PURPOSE Many anecdotes linking w-sitting to hip dysplasia and other musculoskeletal issues seem to be common place; however, there is a paucity of systematic investigation into the relationship between w-sitting and hip dysplasia. This discrepancy may lead to misconceptions and attempts to solve a problem that is not even an issue. The purpose of this study was to investigate the relationship between w-sitting and the incidence of abnormal hip morphology in normal hips. METHODS Parents of children who were of sitting age or older, and who underwent hip/pelvis radiographs for non-orthopaedic problems between 2014 and 2015 were asked to complete a questionnaire regarding their child’s sitting habits. Patients with a history of hip surgery, prior hip fracture or hip pathology were excluded. Radiographic measures were taken including femoral head migration percentage, acetabular index and center edge angle. Hip dysplasia was defined as a center edge angle <20° or an acetabular index >25°. RESULTS 27 patients were included (mean age at time of hip radiograph: 11.1 ± 5.4 years, 63% female). 11 patients (41%) reported a history of current or past w-sitting (W-sit) and 16 patients (59%) did not (no W-sit). No significant differences in average acetabular index were seen between W-sit and no W-sit groups (W-sit: 12.9±9.4°, no W-sit: 17.9±6.0°, p=0.11) in the skeletally immature (Figure 1). Similar average center edge angles were found in the W-sit and no W-sit groups (W-sit: 38.0±1.4°, no W-sit: 35.8±15.6°, p=0.86) in the skeletally mature. Migration percentage was similar for the two groups (W-sit: 8.4+9.3%, no W-sit: 15.2±13.3%, p=0.15). No significant difference in incidence of hip dysplasia was found between groups (W-sit: 2/11, no W-sit: 3/16, p=0.97). CONCLUSION Regardless of sitting position, similar mean acetabular index, center edge angles and incidences of hip dysplasia were observed. This suggests that w-sitting does not affect risk for developmental dysplasia of the hip in healthy children. We hope data from this study will allow clinicians to validly re-assure families with children whom w-sit that there is no evidence to suggest a relationship between w-sitting and hip dysplasia.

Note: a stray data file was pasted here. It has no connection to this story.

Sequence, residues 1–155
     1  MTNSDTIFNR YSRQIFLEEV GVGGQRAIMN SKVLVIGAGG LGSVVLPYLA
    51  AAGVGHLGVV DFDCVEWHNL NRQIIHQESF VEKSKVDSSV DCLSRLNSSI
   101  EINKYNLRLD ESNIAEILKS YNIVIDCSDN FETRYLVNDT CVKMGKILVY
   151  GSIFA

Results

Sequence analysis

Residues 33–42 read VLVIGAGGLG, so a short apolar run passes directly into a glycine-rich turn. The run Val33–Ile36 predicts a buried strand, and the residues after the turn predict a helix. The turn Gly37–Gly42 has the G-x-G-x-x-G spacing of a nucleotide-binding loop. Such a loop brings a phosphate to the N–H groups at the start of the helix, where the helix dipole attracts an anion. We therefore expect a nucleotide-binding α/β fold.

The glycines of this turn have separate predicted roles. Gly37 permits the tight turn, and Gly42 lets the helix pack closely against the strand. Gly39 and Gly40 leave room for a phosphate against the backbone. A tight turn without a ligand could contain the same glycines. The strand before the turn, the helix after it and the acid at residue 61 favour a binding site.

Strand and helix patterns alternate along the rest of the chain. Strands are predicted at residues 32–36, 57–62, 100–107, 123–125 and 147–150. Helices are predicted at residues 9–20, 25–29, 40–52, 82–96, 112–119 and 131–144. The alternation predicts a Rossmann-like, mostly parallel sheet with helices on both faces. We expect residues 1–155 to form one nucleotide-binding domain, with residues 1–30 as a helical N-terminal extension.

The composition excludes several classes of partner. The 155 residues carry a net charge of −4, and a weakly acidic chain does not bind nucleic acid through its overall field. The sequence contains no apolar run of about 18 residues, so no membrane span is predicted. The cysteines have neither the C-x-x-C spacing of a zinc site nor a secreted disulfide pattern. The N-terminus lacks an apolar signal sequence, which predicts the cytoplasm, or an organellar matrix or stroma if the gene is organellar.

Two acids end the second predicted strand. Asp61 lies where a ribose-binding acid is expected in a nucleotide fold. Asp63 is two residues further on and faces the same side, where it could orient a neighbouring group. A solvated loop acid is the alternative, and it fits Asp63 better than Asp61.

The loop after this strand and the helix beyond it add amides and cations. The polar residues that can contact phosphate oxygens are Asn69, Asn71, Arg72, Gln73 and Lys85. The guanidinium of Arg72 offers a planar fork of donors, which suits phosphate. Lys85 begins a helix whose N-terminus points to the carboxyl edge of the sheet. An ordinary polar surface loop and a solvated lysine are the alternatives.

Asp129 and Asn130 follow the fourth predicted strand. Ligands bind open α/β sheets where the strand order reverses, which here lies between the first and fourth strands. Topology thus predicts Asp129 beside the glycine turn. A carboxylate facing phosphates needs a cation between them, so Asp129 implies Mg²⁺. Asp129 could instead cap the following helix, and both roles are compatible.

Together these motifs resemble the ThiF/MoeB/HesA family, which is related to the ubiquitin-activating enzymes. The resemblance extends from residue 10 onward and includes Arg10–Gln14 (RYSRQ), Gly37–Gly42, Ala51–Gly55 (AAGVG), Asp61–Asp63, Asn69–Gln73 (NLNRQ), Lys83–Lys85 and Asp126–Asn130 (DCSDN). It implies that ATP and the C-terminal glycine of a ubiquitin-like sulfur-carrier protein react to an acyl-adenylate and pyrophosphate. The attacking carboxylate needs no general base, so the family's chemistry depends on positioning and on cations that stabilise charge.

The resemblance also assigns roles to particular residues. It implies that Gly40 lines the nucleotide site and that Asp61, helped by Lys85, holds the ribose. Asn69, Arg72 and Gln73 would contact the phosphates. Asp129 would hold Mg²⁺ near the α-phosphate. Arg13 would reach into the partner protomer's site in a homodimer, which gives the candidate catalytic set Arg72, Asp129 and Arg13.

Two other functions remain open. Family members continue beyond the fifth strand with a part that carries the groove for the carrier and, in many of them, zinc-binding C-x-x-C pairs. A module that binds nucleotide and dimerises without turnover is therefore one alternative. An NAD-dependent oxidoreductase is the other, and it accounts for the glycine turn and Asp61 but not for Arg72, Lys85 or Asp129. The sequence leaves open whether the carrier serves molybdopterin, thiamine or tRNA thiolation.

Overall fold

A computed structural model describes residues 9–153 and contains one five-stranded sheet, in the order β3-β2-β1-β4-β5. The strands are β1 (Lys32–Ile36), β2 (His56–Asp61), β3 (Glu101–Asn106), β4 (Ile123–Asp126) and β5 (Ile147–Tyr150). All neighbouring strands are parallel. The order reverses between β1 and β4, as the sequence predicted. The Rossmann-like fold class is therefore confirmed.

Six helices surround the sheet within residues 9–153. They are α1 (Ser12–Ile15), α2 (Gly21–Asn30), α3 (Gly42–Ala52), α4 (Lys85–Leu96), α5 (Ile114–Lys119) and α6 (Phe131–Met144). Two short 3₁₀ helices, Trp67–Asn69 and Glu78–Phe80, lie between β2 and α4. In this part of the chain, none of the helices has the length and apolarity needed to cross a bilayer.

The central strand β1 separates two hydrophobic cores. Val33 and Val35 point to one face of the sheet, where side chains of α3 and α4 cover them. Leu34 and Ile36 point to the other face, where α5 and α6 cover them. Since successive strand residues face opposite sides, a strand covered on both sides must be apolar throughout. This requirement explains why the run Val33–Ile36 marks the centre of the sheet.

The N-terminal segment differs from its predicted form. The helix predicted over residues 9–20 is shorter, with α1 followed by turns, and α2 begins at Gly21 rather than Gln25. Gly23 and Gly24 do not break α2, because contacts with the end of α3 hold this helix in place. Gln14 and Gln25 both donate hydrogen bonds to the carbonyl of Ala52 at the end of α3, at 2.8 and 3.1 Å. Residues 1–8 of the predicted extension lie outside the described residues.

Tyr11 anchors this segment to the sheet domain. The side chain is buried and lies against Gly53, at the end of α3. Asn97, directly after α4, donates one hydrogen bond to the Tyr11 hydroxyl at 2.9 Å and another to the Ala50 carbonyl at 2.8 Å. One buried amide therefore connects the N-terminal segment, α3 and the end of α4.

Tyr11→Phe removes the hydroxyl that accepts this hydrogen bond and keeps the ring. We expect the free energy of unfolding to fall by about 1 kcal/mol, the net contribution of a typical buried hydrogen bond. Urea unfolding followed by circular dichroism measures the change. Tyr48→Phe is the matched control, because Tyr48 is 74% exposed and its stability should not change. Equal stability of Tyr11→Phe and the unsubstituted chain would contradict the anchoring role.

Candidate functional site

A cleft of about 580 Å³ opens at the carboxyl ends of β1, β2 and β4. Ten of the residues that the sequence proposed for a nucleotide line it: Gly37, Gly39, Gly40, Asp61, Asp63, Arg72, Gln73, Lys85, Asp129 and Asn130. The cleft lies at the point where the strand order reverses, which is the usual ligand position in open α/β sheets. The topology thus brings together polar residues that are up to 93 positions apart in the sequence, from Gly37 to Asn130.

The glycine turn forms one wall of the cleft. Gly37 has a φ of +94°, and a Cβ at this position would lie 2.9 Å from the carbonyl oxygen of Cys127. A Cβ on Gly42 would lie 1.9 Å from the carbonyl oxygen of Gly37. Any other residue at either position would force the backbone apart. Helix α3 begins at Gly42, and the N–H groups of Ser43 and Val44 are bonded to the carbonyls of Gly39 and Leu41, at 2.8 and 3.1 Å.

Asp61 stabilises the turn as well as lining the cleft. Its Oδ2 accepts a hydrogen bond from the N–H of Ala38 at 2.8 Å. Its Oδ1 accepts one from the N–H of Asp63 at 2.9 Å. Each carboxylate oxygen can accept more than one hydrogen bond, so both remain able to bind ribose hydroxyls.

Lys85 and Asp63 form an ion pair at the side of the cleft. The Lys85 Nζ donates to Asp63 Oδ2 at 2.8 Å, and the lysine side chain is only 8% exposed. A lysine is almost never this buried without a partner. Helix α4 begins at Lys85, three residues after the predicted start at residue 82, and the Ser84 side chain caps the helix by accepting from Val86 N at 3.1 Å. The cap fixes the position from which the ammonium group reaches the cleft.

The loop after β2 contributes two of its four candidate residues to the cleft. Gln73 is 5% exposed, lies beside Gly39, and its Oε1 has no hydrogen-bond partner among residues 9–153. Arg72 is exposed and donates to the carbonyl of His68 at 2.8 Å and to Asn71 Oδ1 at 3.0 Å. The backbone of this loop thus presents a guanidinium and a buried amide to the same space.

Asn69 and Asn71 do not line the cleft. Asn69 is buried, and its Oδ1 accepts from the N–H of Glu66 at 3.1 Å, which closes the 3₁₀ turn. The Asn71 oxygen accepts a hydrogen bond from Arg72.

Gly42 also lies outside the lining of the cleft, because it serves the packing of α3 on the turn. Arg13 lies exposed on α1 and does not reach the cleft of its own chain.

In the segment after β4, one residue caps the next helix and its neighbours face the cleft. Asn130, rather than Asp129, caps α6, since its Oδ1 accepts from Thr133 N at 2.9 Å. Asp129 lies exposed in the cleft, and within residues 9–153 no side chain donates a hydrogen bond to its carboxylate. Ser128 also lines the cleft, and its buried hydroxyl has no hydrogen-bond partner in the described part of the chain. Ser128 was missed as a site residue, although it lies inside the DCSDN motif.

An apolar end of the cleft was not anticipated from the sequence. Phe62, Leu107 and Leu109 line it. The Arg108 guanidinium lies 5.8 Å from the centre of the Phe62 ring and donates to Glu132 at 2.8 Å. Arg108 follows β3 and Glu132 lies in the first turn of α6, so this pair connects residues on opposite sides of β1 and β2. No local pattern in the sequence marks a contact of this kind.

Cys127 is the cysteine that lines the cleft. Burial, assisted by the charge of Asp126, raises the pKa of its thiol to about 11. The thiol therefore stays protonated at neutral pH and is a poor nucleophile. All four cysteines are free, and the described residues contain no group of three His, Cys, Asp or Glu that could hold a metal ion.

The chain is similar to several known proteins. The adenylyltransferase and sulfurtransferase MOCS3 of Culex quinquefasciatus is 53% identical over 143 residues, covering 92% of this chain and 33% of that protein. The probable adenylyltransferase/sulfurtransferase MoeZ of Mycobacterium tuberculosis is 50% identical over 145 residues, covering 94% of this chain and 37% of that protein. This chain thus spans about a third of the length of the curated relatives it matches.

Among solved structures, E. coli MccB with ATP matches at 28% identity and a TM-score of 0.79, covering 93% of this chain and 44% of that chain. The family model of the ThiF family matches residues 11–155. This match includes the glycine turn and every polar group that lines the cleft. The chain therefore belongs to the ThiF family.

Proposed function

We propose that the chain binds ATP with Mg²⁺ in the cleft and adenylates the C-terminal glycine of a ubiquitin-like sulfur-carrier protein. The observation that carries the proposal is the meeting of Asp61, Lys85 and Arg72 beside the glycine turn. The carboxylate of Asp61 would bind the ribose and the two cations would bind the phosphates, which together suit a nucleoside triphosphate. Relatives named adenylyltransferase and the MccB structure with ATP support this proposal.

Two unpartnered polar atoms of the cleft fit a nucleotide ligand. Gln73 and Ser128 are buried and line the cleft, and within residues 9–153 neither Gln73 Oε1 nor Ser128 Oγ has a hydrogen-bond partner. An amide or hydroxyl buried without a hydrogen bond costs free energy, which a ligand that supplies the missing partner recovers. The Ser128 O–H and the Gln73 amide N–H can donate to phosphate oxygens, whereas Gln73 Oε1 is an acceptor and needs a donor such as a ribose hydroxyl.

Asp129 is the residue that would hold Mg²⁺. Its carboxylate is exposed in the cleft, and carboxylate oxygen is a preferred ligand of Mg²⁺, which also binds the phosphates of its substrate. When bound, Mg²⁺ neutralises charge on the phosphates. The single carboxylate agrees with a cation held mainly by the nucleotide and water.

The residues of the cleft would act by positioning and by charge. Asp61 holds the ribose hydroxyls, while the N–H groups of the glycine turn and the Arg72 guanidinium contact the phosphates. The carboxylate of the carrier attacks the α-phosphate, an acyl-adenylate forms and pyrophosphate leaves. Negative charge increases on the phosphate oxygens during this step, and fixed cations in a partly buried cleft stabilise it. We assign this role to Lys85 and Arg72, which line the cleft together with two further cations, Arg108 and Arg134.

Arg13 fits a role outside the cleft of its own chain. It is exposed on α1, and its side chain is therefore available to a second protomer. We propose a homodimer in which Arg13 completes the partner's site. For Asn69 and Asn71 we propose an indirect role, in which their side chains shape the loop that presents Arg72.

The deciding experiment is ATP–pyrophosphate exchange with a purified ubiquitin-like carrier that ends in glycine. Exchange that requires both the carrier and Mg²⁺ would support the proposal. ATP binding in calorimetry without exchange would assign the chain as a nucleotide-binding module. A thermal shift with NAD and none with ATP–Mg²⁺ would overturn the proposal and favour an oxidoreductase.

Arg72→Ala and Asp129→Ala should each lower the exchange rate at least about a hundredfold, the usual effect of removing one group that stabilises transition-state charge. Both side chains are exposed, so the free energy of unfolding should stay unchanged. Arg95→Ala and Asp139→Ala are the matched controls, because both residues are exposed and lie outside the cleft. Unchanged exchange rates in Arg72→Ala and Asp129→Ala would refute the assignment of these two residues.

Radiographic Measures of Femoral Head Migration Percentage and Acetabular Index in W-sit and No W-sit groups.

Radiographic Measures of Femoral Head Migration Percentage and Acetabular Index in W-sit and No W-sit groups.

Close modal